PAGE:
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I Want Someone to Eat Cheese With Review

Other Critics provided by Metacritic.com

Critics scores range from 0 to 100, with higher scores indicating more favorable reviews.

  • 3.0
    60

    out of 100

    Metascore®
    Mixed or average reviews
    based on a weighted average of all
    critic review scores.

  • 75

    out of 100

    Entertainment Weekly

    A wry movie that, packed with his well-known friends and scored intermittently to bouncy accordion music, plays like a softer episode of "Curb."

    Read Full Review

  • 75

    out of 100

    Chicago Sun-Times Roger Ebert

    It is a minor movie, but a big-time minor movie...If there is such a thing as a must-see three-star movie, here it is.

    Read Full Review

  • 75

    out of 100

    Chicago Tribune

    If you’re a Chicagoan, if you have just a smidgen of interest in the city’s arts scene and if you’ve been around a while, there’s no way to be objective about I Want Someone to Eat Cheese With.

    Read Full Review

  • See all I Want Someone to Eat Cheese With reviews at Metacritic.com

For Families provided by Common Sense Media

Iffy for 14+

Offbeat indie romantic comedy for teens and up.

What Parents Need to Know

Parents need to know that although this indie romantic comedy stars the usually foul-mouthed comic Sarah Silverman and Jeff Garlin (a veteran of the caustic Curb Your Enthusiasm), it's actually a good-natured film with lots of heart that's fairly teen-friendly ... with some caveats. Silverman taps into her shtick a bit by acting like a push-the-envelope nympho who likes to discuss sex, albeit in cleaned-up terms (there's virtually no language stronger than "crack whore" in the movie). And there are some painfully convincing moments of binge-eating on Garlin's part.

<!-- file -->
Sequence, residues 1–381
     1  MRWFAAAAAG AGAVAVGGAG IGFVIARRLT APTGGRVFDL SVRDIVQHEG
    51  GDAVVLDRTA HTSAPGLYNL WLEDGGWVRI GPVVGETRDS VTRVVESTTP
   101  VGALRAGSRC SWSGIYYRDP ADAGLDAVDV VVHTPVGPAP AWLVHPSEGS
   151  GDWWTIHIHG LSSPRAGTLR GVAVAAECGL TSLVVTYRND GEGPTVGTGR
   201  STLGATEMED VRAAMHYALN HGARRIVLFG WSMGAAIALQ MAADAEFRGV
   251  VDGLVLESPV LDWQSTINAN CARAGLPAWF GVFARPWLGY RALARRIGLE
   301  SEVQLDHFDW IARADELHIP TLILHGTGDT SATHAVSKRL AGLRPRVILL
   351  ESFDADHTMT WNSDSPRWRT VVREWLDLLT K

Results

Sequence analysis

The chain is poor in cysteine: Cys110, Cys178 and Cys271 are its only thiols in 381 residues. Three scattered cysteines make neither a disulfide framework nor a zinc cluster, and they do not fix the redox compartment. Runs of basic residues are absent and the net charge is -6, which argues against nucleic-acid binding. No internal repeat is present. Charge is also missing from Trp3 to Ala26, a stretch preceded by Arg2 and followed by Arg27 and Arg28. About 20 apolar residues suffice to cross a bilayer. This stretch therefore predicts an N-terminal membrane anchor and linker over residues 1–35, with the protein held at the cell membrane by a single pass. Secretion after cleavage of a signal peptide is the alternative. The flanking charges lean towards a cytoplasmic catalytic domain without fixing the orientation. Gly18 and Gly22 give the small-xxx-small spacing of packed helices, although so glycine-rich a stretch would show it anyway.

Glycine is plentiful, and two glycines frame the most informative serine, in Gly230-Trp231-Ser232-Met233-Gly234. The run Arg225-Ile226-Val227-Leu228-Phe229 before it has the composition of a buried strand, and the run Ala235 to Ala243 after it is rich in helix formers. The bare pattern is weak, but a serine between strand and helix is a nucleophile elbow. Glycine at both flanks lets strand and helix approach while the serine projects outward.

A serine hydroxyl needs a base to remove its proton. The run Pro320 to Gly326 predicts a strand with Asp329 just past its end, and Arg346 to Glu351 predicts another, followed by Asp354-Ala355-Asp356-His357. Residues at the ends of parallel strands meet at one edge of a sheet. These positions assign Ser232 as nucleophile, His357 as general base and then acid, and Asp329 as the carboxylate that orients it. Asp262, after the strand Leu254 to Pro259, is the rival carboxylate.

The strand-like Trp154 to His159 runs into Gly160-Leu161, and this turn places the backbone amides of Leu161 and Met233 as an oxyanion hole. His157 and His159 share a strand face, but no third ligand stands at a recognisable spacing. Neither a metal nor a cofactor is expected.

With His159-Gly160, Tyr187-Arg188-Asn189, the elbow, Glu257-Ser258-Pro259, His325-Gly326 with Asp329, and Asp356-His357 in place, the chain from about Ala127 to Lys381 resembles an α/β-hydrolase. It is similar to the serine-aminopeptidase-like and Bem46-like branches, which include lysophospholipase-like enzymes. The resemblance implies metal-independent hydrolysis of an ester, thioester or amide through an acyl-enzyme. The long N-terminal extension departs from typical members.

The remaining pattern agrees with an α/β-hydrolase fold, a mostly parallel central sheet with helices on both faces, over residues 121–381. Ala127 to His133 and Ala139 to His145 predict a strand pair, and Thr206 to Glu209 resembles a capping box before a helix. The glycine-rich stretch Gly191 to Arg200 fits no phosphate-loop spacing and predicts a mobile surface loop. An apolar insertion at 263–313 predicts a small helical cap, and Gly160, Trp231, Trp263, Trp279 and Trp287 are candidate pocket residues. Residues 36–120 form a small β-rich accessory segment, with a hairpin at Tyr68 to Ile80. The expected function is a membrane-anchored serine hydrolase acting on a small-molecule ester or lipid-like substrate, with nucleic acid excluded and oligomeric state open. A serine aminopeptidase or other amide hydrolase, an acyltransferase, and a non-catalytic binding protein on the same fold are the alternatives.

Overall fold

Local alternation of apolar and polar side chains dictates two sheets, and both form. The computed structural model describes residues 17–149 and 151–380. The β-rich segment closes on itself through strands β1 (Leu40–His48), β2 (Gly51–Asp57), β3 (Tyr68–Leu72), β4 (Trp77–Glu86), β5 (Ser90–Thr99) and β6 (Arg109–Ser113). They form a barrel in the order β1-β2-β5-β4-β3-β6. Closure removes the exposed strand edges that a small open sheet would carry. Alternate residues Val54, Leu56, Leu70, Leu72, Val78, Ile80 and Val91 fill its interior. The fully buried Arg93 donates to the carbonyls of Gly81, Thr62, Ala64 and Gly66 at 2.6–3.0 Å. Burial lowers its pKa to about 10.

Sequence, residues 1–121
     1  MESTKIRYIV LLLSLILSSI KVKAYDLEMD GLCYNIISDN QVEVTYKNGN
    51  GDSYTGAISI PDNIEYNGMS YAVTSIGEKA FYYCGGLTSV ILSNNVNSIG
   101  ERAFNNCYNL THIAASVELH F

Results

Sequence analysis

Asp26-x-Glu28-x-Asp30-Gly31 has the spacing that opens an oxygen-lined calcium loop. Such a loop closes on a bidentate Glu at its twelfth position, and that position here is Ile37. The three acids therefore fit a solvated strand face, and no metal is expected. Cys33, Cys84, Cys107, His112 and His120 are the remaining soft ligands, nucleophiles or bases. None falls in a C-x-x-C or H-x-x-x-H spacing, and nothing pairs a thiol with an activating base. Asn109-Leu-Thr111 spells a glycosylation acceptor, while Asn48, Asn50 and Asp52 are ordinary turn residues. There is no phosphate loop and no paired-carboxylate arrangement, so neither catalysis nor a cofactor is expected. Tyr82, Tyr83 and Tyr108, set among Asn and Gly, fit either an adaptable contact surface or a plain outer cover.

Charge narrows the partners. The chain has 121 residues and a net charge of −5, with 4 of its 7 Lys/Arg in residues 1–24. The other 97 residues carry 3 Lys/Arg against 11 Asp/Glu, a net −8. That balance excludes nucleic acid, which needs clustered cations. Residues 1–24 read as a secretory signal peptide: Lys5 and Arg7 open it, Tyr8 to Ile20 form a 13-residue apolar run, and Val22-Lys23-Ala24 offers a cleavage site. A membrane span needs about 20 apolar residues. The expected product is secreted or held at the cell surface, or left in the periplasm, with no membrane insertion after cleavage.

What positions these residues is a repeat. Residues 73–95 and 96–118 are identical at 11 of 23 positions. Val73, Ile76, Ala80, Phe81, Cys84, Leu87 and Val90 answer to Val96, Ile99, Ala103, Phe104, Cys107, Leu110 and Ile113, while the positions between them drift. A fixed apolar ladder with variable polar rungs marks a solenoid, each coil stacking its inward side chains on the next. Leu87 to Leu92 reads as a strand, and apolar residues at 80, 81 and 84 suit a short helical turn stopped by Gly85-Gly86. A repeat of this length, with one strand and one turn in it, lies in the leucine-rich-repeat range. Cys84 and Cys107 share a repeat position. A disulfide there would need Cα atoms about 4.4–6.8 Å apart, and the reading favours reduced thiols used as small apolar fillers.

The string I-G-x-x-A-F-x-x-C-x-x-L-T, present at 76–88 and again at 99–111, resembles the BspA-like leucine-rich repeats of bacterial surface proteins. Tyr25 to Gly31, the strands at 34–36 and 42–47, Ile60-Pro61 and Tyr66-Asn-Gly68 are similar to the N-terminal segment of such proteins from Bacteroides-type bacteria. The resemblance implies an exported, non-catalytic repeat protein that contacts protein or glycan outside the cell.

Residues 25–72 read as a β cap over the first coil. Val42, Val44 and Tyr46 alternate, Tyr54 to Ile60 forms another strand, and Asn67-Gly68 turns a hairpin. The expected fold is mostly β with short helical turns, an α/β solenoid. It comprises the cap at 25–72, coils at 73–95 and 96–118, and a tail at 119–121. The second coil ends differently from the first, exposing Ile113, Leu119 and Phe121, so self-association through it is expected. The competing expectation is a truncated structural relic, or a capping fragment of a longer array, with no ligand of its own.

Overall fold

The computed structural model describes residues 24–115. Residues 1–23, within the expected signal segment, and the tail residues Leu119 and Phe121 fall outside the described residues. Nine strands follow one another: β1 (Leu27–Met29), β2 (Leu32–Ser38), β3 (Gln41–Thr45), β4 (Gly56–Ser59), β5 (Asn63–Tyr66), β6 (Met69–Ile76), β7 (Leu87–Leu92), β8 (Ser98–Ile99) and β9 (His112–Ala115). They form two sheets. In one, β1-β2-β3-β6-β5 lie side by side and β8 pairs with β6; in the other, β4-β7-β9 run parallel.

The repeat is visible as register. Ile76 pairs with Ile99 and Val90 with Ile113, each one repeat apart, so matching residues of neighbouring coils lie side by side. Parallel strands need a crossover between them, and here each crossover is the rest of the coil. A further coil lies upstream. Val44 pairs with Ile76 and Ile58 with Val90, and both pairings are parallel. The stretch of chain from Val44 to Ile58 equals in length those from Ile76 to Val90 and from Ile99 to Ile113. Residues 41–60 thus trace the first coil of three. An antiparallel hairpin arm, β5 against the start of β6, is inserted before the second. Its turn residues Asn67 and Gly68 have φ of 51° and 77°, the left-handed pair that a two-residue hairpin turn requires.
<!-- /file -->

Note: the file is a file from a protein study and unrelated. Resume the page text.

• Families can talk about how the media tends to portray people who are overweight. Why are they so often made fun of in TV shows and movies? Do you think that tendency has changed at all in recent years? Why or why not? How do jokes based on body type make you feel? Are they different than jokes based on race or ethnicity? Why or why not? Why are "fat" jokes more accepted than racial humor? Is that OK?

The good stuff
  • message true0

    Messages: Beth picks up strange men and later ridicules them. James clearly has an overeating problem and binges onscreen.

What to watch for
  • violence false0

    Violence: Not an issue

  • sex false3

    Sex: Some cleavage shots, as well as a scene in which Sarah Silverman's character, who professes to liking sex more than relationships, tries on underwear in a dressing room and beckons to James. She also whips off her shirt once. Detailed description of a sex act called a "hoagie shack." An extended riff on a homeless man's obsessive knowledge of nude scenes in various movies.

  • language false3

    Language: Fairly clean. Some use of the words "crack whore," and some scatological phrases.

  • consumerism false3

    Consumerism: Second City comedy troupe is clearly identified; a hotdog stand's logo is visible; some products identified in a corner deli.

  • drugsalcoholtobacco false0

    Drinking, drugs and smoking: Nothing that really raises flags (unless you're a nutritionist keeping track of sugar rushes...).

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